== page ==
Antique "holmes" Wooden Stereoview Stereoscopic Stereograph Viewer
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Antique "holmes" Wooden Stereoview Stereoscopic Stereograph Viewer:
Posted with MobileOn Jul-14-13 at 17:59:07 PDT, seller added the following information:
On Jul-14-13 at 22:14:16 PDT, seller added the following information:
ATTENTION: COLLECTORSyou are looking on a well-preservedHOLMES STEREOSCOPEsaid to be invented in 1859 byOLIVER WENDELL HOLMESthe only thing I can say about it is that the lenses are in excellent
condition, the wood parts are in perfect shape and
also the bronze stand.Please inspect the photos, ask any question about the physical
condition of this item and I will try my best
to answer your queries.HAPPY offerDING!!!
Sir Charles Wheatstone, 1802 - 1875A Brief Stereoscopic History
At one time the stereoscope and view cards were found in every American home. From 1850 until World War I, the stereoscope allowed our forefathers to visit every corner of America and the world. It provides us with a three dimensional historical record of those 70 years.
The first stereoscope viewer was created in 1833 by Sir Charles Wheatstone a British inventor. Because photography was unknown at the time, drawings were used. By 1850 crude stereoscopes and glass views were available. Tintypes, Albumen, Daguerreotypes and flat mount paper Stereographs soon followed. Sir David Brewster invented a box shaped viewer that was popular at the time.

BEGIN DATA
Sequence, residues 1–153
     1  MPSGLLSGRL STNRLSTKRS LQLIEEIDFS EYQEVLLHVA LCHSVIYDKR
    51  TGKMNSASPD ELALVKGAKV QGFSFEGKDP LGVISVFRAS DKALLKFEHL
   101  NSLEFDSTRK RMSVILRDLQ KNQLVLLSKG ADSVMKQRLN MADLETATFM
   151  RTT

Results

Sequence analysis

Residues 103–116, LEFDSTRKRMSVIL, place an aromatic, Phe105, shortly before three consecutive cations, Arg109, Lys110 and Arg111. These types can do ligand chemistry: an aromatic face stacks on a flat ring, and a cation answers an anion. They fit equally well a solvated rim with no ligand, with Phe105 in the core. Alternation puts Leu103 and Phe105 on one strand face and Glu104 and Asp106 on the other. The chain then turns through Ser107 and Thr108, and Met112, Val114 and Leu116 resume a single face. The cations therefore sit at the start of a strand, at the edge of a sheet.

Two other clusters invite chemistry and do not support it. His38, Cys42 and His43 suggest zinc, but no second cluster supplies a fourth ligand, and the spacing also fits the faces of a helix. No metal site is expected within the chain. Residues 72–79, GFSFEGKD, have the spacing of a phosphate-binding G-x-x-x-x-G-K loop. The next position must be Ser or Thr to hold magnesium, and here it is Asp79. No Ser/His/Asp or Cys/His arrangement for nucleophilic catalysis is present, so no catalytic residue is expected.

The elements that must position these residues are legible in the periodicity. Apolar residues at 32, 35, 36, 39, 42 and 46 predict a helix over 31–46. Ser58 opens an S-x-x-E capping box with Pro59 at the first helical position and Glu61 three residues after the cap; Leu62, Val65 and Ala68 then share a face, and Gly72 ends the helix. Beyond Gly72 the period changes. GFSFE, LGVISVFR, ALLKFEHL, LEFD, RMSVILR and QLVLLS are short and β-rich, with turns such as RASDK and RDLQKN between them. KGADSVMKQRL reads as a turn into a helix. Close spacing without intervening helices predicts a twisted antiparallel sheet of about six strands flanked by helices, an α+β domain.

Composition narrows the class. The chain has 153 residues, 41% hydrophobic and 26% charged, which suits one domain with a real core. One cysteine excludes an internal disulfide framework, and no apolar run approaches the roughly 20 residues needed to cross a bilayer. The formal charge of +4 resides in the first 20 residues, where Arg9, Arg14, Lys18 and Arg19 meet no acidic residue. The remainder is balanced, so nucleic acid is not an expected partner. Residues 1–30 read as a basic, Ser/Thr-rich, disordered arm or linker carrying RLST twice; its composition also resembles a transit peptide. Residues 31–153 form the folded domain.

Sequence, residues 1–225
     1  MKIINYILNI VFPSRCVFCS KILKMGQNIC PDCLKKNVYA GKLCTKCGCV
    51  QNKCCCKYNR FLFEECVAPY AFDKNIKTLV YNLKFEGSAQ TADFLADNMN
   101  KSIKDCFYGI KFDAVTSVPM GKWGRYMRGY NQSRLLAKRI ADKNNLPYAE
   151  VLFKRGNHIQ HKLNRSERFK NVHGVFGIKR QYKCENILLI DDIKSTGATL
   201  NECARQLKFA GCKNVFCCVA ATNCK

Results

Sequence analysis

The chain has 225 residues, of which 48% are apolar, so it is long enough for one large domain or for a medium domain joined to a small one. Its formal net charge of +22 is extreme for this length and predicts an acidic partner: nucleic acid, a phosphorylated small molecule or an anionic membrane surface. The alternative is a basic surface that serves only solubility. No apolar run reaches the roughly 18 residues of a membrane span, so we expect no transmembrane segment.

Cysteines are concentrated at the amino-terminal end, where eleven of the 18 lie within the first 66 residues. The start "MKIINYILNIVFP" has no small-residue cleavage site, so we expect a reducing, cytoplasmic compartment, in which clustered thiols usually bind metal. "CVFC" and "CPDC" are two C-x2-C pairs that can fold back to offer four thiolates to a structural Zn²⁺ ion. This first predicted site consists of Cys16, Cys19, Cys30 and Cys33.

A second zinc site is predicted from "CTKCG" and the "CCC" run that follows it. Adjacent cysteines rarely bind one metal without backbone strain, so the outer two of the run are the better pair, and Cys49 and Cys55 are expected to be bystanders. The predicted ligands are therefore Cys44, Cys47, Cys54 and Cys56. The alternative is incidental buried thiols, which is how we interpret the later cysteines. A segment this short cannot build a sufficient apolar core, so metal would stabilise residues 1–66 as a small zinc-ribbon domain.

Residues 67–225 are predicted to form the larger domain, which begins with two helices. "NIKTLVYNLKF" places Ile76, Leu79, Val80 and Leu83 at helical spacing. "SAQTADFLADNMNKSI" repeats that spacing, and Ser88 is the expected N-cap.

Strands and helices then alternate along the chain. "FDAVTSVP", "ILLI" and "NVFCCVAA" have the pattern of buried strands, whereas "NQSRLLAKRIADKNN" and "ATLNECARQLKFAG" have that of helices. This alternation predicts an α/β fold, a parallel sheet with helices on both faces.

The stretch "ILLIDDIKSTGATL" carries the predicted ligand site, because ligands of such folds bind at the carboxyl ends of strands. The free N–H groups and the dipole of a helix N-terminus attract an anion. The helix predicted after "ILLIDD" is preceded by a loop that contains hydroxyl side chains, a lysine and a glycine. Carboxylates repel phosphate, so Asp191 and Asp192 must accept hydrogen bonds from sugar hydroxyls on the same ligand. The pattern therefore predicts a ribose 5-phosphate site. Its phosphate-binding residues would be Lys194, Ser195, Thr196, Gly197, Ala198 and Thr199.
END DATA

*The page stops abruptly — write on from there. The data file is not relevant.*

In 1859, Oliver Wendell Holmes developed a compact, hand-held viewer and Joseph L. Bates of Boston made improvements and manufactured them. With advances in photography a new industry and form of entertainment was created.
Stereo pictures are taken by means of a camera with two lenses. This provides two separate pictures 2.5 inches apart, about the distance between the eyes. Although the pictures appear the same, they are not. When looked at in a viewer, which has prismatic lenses, your eyes will blend the two views into one and the brain perceives it in three dimensions the same as normal vision.
Rapid transportation, radio, movies and other forms of entertainment created the demise of the stereoscope and by 1920 only one company survived.